With that said, get the console that your friends will play, or has the games you want... Anyone pretending the XB1 is better in raw power is deluding themselves(it's hardly even close).
  • smartypnt4 - Friday, November 22, 2013 - link

    I'm simply describing how the eSRAM should work, given that this should be a traditional PC architecture. Nowhere did I comment on which is the more powerful console. I really don't feel I'm qualified in saying which is faster, but the GPU seems to indicate it's the PS4, as you rightly said.

    Now, it is true that the PS4 has larger bandwidth to main memory. My point was that if the eSRAM has a good hit rate, let's say 80%, you'll see an effective speed of 0.8*204 = 163GB/s. This is a horrible measure, as it's just theoretically what you'll see, not accounting for overhead.

    The other difference is that GDDR5's timings make it higher latency than traditional DDR3, and it will be an order of magnitude higher in latency than the eSRAM in the XB1. Now, that's not to say that it will make a big difference in games because memory access latency can be hidden by computing something else while you wait, but still. My point being that the XB1 likely won't be memory bandwidth bound. That was literally my only point. ROP/memory capacity/shader bound is a whole other topic that I'm not going to touch with a 10-foot pole without more results from actual games.

    But yes, buy the console your friends play, or buy the one with the exclusives you want.
  • rarson - Saturday, November 23, 2013 - link

    It's not even close to a traditional PC architecture. I mean, it totally is, if you completely ignore the eSRAM and custom silicon on the die.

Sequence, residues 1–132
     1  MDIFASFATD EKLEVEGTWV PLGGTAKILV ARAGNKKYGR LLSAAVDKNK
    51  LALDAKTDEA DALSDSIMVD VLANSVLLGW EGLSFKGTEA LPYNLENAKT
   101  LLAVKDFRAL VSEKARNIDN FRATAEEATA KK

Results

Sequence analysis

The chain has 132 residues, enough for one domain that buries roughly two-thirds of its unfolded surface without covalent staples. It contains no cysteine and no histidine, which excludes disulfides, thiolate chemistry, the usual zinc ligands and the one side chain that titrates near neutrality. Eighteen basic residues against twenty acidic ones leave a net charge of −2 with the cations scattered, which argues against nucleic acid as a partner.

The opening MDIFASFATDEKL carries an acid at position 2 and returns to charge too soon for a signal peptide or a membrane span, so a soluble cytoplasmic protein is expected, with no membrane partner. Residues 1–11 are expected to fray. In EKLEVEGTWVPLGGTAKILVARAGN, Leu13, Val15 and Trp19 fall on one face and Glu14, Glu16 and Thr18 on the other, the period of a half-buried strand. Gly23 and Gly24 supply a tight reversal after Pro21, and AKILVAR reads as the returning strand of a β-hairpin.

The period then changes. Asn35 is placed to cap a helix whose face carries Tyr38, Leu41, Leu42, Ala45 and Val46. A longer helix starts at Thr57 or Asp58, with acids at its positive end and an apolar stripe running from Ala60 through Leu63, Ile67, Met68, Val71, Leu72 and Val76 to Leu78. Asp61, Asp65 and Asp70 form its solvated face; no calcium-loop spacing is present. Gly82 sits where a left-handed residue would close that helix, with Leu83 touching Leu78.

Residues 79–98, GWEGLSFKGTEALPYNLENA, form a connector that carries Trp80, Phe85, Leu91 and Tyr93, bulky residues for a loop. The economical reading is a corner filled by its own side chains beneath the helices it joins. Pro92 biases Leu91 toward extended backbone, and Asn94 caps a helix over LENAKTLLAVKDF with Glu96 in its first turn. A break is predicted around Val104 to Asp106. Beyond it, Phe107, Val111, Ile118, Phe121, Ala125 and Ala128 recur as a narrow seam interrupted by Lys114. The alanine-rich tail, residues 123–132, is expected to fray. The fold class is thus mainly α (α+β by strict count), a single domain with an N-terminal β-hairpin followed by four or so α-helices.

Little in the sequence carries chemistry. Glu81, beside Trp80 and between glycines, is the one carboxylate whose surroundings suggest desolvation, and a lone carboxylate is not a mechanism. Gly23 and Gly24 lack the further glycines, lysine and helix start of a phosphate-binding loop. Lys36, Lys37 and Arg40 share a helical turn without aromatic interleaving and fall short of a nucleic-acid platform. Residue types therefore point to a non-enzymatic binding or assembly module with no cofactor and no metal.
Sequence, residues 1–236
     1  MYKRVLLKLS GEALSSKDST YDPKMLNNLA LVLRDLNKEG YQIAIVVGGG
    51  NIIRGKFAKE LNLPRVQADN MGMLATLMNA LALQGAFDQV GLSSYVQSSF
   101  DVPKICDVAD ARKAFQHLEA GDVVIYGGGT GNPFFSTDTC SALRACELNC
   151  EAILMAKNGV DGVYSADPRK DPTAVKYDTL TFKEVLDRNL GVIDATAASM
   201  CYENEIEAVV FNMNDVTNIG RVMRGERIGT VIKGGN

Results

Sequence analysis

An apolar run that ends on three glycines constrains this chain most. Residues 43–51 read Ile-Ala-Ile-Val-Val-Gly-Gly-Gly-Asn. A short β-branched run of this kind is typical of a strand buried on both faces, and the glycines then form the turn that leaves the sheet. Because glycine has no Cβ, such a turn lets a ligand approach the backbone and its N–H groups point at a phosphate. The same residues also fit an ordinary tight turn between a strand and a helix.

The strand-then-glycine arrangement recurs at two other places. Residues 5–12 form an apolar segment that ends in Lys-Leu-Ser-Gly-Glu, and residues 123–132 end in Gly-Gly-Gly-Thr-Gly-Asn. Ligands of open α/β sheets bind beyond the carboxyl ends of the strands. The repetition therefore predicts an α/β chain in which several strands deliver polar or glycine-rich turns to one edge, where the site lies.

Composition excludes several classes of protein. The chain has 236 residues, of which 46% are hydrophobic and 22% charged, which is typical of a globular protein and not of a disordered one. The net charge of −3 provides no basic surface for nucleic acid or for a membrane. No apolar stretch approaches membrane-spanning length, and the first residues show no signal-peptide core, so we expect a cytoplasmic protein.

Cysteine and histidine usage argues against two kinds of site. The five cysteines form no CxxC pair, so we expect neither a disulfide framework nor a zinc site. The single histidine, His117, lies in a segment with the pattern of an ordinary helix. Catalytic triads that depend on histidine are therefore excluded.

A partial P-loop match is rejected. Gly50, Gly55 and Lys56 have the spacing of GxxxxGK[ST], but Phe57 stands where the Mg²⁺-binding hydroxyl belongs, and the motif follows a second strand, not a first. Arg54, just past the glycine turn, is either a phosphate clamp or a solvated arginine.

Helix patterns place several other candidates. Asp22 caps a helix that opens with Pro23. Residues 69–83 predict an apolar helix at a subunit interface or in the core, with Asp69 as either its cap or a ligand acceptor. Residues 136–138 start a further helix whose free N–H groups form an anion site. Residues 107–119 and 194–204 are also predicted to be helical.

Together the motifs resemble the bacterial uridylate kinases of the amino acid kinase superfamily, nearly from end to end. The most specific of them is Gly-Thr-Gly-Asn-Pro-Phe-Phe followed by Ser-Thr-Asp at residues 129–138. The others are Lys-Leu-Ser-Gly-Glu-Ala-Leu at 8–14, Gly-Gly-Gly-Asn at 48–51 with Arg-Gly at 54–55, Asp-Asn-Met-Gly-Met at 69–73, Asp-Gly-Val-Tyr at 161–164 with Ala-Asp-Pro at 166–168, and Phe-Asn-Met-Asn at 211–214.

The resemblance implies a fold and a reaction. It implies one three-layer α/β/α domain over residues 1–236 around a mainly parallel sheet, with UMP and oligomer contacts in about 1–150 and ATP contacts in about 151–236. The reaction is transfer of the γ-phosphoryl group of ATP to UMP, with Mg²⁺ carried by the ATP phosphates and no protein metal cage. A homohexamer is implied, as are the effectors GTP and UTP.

Test after test after test after test has shown that latency makes practically zero impact on performance, and that the increased speed and bandwidth of GDDR5 is much more important, at least when it comes to graphics (just compare any graphics card that has a DDR3 and GDDR5 variant). Latency isn't that much greater for GDDR5, anway.

    The eSRAM is only accessible via the GPU, so anything in it that the CPU needs has to be copied to DDR anyway. Further, in order to even use the eSRAM, you still have to put the data in there, which means it's coming from that slow-ass DDR3. The only way you'll get eSRAM bandwidth 80% of the time is if 80% of your RAM access is a static 32 MB of data. Obviously that's not going to be the majority of your graphics data, so you're not going to get anywhere near 80%.

    The most important part here is that in order for anyone to actually use the eSRAM effectively, they're going to have to do the work. Sony's machine is probably going to be more developer-friendly because of this. I can see how the eSRAM could help, but I don't see how it could possibly alleviate the DDR3 bottleneck. All of this is probably a moot point anyway, since the eSRAM seems to be tailored more towards all the multimedia processing stuff (the custom bits on the SoC) and has to be carefully optimized for developers to even use it anyway (nobody is going to bother to do this on cross-platform games).
  • 4thetimebeen - Saturday, November 23, 2013 - link

    I'm sorry to burst your bubble and I'm sorry to butt in but you are wrong about the eSRAM only available to the GPU cause if you look and read the digital foundry interview of the Microsoft Xbox One architectures and creators and the hot chips diagram IT SHOWS AND THEY SAID that the CPU has access to the eSRAM as well.
  • smartypnt4 - Monday, November 25, 2013 - link